Fractures of the shoulder can cause significant pain, disability, and loss of function – especially if not diagnosed and managed appropriately.
The proximal humerus, or the upper part of the arm bone at the shoulder, is the most common site of fracture. Although sometimes fractures in this area will heal without intervention, many cases require surgical repair or even a shoulder replacement or reverse shoulder replacement. Surgery on the shoulder may be needed to enable use of the arm for holding a walker or a cane – especially if the patient has also suffered a hip fracture or knee fracture at the same time. In isolation, shoulder fracture repair may only require one night in the hospital or possibly even occur on an outpatient basis.
Another common site of shoulder fracture is the clavicle, or the collar bone. Clavicle fractures often heal on their own, but may leave a large “bump” at the fracture site as the body lays down extensive amounts of callus, or healing bone. If the pieces of the clavicle are significantly displaced or shortened, surgery can restore the alignment and positioning of the bone. Clavicle fracture repair usually involves the placement of a plate and multiple screws.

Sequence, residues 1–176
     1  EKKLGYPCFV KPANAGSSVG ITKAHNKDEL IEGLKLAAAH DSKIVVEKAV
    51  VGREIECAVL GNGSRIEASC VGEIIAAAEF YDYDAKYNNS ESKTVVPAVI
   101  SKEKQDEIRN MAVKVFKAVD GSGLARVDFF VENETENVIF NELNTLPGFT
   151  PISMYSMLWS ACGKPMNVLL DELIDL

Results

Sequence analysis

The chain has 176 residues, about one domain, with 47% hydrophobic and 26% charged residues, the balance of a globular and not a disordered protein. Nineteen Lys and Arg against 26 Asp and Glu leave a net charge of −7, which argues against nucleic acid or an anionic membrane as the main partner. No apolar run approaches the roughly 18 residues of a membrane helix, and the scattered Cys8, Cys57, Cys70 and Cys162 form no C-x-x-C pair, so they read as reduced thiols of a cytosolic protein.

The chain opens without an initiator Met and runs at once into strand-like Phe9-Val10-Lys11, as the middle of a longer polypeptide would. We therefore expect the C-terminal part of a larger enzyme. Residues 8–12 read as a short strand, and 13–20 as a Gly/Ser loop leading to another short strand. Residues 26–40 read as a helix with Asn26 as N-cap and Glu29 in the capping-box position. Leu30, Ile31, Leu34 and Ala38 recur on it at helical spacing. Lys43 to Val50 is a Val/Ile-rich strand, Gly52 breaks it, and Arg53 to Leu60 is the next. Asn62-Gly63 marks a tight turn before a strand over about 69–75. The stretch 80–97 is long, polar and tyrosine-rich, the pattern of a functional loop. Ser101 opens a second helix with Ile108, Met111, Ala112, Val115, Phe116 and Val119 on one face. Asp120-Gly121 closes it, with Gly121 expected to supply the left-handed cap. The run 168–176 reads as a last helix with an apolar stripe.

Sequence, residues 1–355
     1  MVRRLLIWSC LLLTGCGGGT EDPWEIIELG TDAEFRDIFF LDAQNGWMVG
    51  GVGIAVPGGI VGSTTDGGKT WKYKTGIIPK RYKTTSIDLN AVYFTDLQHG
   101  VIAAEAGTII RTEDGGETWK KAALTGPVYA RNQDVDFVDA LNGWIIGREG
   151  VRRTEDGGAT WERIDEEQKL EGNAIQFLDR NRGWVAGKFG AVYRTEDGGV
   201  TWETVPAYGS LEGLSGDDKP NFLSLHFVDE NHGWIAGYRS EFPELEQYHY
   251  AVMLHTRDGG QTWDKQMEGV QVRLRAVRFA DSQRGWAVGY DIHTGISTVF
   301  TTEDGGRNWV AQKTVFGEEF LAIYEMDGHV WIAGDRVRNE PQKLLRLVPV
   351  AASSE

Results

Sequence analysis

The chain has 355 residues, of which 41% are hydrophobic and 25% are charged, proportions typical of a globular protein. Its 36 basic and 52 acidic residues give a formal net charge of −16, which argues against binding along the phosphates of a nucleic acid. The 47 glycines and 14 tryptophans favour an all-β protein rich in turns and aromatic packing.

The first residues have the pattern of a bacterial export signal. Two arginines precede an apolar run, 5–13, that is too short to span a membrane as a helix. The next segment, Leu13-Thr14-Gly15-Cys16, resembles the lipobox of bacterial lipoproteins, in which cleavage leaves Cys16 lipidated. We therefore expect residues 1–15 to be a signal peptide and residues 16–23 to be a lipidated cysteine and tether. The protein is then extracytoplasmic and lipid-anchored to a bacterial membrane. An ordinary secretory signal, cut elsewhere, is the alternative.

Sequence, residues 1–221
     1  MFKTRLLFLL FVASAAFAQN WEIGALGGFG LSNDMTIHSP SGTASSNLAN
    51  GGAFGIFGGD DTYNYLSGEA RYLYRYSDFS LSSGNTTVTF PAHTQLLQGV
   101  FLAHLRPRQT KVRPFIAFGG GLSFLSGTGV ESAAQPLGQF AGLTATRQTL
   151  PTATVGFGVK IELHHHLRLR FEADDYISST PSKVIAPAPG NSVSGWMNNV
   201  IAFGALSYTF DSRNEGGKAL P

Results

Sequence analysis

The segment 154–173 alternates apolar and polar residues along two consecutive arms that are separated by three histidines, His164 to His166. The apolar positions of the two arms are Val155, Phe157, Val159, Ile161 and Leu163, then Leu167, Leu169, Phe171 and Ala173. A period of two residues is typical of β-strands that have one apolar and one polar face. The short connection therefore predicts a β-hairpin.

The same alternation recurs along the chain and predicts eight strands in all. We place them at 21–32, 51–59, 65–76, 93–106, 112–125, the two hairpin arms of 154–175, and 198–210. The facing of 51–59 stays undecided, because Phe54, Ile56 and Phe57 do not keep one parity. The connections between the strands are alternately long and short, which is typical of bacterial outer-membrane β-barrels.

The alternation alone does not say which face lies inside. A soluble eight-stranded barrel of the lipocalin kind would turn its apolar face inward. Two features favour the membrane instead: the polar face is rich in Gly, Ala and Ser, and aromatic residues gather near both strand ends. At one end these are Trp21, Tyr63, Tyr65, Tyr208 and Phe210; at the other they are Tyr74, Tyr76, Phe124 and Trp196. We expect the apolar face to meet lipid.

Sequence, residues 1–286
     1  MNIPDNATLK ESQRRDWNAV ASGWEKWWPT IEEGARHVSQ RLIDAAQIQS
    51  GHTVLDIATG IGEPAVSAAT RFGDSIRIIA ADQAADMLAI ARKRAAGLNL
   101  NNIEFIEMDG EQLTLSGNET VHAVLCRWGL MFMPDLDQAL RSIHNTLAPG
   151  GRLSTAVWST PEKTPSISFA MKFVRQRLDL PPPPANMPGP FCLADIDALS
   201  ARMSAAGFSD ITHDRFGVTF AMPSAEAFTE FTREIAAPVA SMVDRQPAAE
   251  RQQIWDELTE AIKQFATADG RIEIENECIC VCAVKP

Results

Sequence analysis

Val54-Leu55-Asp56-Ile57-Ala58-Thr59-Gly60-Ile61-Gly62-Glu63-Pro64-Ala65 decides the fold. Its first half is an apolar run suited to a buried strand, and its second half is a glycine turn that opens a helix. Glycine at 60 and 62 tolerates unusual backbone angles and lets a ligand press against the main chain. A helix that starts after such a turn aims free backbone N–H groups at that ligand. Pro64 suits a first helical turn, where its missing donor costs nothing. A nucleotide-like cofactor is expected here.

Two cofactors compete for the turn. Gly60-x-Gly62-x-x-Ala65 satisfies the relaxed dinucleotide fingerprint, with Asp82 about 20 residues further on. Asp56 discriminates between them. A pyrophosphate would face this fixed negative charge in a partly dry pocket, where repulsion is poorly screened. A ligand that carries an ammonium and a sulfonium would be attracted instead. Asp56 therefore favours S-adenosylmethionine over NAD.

Dr. Bushnell performs several shoulder fracture surgeries every year, and he has lectured about shoulder fractures at the national level. Some of his latest research also involves complex shoulder fractures and their treatment.
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